Speaking of Akshay Kumar and Karisma Kapoor; like every other filmmaker, Darshan has his usual suspects. He seems to love Akshay very much (of the 5 Darshan movies I’ve seen so far, Akki shows up in 4), Lolo, Bobby Deol and (in smaller doses) Juhi Chawla and Mohnish Behl. Darshan seems to have shifted his focus from Akshay to Bobby a bit – he gave Bobby a role previously reserved for Akshay (‘Barsaat’, which would probably have fared much better with Akshay in the lead role – not because Akki is better than Bobby, but because he’s much cheesier), and also gave him a lead role in SLBB. Darshan has said in an interview (can't find it right now) that he thinks Bobby is best actor in the Deol family (needless to say, I disagree).
Anyway, on to the Darshan movies I’ve seen (in the order in which I viewed them):
‘Ek Rishtaa – The Bond of Love’: I’ve blogged about this movie before here… I liked this film, and it’s the Darshan movie I’ve liked the most. Its music was quite sweet, I thought most of the songs were very good. The story was fine, until about three-quarters of the film, when it just seemed to get out-of-control – it felt like the writer was grasping at straws, trying to wrap it all up in a hurry. On balance, though, the story was not bad at all.
Karisma (playing Nisha) and Akshay (playing Ajay) were a cute couple and had nice chemistry together (I love their ‘Mohabbat Ne’ number), but the biggest problem I had with the film revolved around these characters. The story was quite sexist in the way Nisha’s place in Ajay’s family was treated. Nisha made her share of mistakes and apologized for them – but Ajay treated her pretty badly as well, and never apologized or even admitted to being wrong. Their story was also quite shoddily resolved, which was pretty annoying – after spending a lot of time on how the couple got together and the crisis they faced, the resolution was pretty much thrown away. In fact the entire ending was unsatisfactory – the closing scene is particularly cheesy, unrealistic and irritating, and detracts from the overall standard of the film.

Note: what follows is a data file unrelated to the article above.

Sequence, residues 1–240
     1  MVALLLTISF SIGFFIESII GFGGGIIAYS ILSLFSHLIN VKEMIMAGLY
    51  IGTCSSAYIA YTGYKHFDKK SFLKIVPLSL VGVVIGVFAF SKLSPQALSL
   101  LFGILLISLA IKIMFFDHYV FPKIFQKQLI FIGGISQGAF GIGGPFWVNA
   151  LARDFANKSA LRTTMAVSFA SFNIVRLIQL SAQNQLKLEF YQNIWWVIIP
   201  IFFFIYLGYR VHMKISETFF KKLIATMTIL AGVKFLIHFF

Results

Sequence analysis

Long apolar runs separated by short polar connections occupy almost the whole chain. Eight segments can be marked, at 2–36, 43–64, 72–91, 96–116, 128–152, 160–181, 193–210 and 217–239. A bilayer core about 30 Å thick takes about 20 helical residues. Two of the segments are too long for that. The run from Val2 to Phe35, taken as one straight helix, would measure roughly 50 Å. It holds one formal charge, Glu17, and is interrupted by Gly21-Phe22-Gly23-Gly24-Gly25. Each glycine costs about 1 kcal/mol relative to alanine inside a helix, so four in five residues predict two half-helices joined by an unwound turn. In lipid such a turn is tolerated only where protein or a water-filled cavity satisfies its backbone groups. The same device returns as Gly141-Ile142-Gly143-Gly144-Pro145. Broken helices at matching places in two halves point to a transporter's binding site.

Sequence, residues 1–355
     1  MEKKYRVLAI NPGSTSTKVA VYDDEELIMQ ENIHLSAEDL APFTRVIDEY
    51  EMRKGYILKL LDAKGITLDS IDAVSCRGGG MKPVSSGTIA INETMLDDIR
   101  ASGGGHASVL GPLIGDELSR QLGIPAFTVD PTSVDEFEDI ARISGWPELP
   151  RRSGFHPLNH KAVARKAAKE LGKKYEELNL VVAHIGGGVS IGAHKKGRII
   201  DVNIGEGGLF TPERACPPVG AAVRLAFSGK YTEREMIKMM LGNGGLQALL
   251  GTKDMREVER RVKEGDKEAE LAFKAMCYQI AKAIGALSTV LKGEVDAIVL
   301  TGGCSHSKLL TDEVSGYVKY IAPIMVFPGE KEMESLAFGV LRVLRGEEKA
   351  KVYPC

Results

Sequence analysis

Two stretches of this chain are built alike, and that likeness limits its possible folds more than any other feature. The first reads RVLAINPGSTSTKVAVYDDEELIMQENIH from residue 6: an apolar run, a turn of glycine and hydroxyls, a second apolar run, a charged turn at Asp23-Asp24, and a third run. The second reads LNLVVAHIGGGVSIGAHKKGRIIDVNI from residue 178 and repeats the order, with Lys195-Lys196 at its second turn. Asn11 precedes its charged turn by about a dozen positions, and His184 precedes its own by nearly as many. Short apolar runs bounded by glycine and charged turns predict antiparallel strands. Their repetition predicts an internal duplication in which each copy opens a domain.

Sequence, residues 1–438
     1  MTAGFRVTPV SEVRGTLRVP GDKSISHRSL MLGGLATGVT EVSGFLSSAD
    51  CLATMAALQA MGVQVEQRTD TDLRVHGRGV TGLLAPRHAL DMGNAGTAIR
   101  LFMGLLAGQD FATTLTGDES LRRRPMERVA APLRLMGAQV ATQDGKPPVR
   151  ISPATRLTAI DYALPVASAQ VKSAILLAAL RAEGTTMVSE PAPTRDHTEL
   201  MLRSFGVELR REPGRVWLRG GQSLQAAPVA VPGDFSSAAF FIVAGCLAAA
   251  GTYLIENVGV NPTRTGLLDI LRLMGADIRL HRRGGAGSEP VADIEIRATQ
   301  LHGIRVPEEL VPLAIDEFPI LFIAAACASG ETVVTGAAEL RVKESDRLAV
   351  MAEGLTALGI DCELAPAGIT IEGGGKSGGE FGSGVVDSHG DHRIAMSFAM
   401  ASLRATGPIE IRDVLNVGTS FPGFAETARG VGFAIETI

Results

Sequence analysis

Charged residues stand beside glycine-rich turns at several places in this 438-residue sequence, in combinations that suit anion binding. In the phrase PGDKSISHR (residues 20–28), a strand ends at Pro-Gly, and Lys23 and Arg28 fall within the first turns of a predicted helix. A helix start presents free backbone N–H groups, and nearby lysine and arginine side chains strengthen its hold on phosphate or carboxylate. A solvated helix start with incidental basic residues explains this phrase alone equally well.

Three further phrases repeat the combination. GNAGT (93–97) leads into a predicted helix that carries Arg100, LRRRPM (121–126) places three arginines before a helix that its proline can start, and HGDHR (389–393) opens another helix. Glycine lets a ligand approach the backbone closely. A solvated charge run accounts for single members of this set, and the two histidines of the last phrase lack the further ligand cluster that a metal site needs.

‘Jaanwar’: Oh, ‘Jaanwar’. I said a bit about it here. It’s impossible to take this film seriously, really. But its heart is in the right place. The film is one big stereotype, packed to the gills with many smaller stereotypes that don’t always work well together. But, its heart is in the right place. ‘Jaanwar’ opens with a vicious car-chase, making it clear that this is one of the films that won Akshay his ‘action hero’ stars when he was younger. Then we see that Akshay’s character (‘Badshah’) has been trapped in a life of crime since childhood, by an evil ‘Fagin’ (from Dickens’ ‘Oliver Twist’) type. Of course, this is a respected Bollywood plot device – I recently saw it brilliantly deployed by Raj Kapoor in ‘Awaara’ in the ’50s.
Before long, we come to a scene with Karisma Kapoor (playing ‘Sapna’) dancing for money. She too is oppressed, by a mean uncle who’s greedy enough to sell her body to the neighbourhood lecher. Naturally, Badshah comes to her rescue just in time – but oops, I forgot to mention that before that, she had saved his life and nursed him very prettily, so he’s kinda returning the favour. Of course, they fall in love… but things don’t go smoothly for their relationship...
To cut a long story short, Badshah, so sadly led into crime in his youth, serendipitously gets the opportunity to bring up an adorable little kid on the straight and narrow – and of course, he abandons crime in order to do so. Unfortunately, the kid actually belongs to a young couple (played by Mohnish Behl and Shilpa Shetty), who, when they find him, are desperate to get him back. Meanwhile, the Fagin-type that was abandoned by Badshah re-discovers him and wants his pound of flesh. Sapna manages to return to the story as well. CRISIS! And resolution – everyone ends up happy somehow (except for the bad guys, of course). And did I mention that Johnny Lever is in there for laughs? Ha ha.